Eligible voters have the right to a private, independent, and accessible vote, and voters should not have to risk their own health and the health of loved ones to cast their ballot in 2020. Local Boards of Elections and Congress are running out of time to do what needs to be done to protect our democracy during the 2020 elections. These nine policy recommendations are critical actions that states, county elections offices, and the federal government must take to combat ableist discrimination, politicization, and false information that threaten our elections during this pandemic.

Policy Recommendations for States and Counties

1. Expand vote-by-mail, no-excuse absentee voting, and online voter registration.

Ensuring any voter can register to vote and cast their ballot remotely, without an excuse, keeps voters safe by enabling them to vote without risking catching COVID-19. More people voting remotely also keeps the people that do vote in-person safe by reducing crowds and lines at polling sites. Vote-by-mail is a historically secure and nonpartisan voting method used regularly by many states. In addition to allowing all voters to cast a ballot by mail, states must make vote-by-mail as accessible as possible by removing the requirement in some states for voters to have a witness sign their ballot or for their ballot signature to match a previous signature. Providing pre-stamped return envelopes with ballots will also help make vote-by-mail convenient and accessible for voters.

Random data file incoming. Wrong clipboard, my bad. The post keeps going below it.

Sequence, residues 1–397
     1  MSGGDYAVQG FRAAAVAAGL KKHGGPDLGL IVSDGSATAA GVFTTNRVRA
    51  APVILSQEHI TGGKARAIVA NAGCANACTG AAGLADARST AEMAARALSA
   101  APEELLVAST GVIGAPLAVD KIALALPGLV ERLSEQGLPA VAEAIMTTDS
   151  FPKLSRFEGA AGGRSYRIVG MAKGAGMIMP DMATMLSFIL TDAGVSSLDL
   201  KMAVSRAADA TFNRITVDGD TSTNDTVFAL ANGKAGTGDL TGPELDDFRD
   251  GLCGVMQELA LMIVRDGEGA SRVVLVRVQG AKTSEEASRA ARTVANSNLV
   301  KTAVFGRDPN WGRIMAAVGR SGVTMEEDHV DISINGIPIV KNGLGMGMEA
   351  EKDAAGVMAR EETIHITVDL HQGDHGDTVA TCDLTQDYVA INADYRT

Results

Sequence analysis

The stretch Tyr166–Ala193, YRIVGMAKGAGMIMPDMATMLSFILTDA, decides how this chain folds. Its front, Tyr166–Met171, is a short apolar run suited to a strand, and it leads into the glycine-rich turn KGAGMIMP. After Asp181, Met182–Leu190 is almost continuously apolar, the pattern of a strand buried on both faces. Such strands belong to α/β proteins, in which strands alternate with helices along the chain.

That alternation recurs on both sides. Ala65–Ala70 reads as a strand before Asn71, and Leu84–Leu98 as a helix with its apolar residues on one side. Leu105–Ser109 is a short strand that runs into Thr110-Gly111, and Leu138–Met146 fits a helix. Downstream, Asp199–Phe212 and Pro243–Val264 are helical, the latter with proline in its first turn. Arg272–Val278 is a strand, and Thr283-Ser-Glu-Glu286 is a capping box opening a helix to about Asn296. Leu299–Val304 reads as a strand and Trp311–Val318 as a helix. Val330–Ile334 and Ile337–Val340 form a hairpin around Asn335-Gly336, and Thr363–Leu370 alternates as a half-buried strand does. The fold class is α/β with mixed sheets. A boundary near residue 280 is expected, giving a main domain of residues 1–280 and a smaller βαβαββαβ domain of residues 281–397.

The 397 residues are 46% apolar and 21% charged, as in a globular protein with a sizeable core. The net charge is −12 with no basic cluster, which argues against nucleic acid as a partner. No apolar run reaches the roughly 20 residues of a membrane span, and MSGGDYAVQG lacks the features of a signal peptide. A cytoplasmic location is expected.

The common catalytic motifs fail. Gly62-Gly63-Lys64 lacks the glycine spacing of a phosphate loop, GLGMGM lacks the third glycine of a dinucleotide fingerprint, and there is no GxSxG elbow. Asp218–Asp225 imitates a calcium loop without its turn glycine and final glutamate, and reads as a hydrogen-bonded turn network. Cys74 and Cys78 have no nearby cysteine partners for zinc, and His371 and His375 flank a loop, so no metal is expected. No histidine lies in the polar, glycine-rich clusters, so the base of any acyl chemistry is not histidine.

2. Allow electronic ballot delivery to enable voters with print disabilities to mark their ballot digitally.

Over half of the states already allow voters with disabilities to receive and complete their ballot electronically before printing and returning their ballot. Expanding this option will enable voters with print disabilities to complete a mail-in ballot independently and privately, when paper ballots are otherwise inaccessible.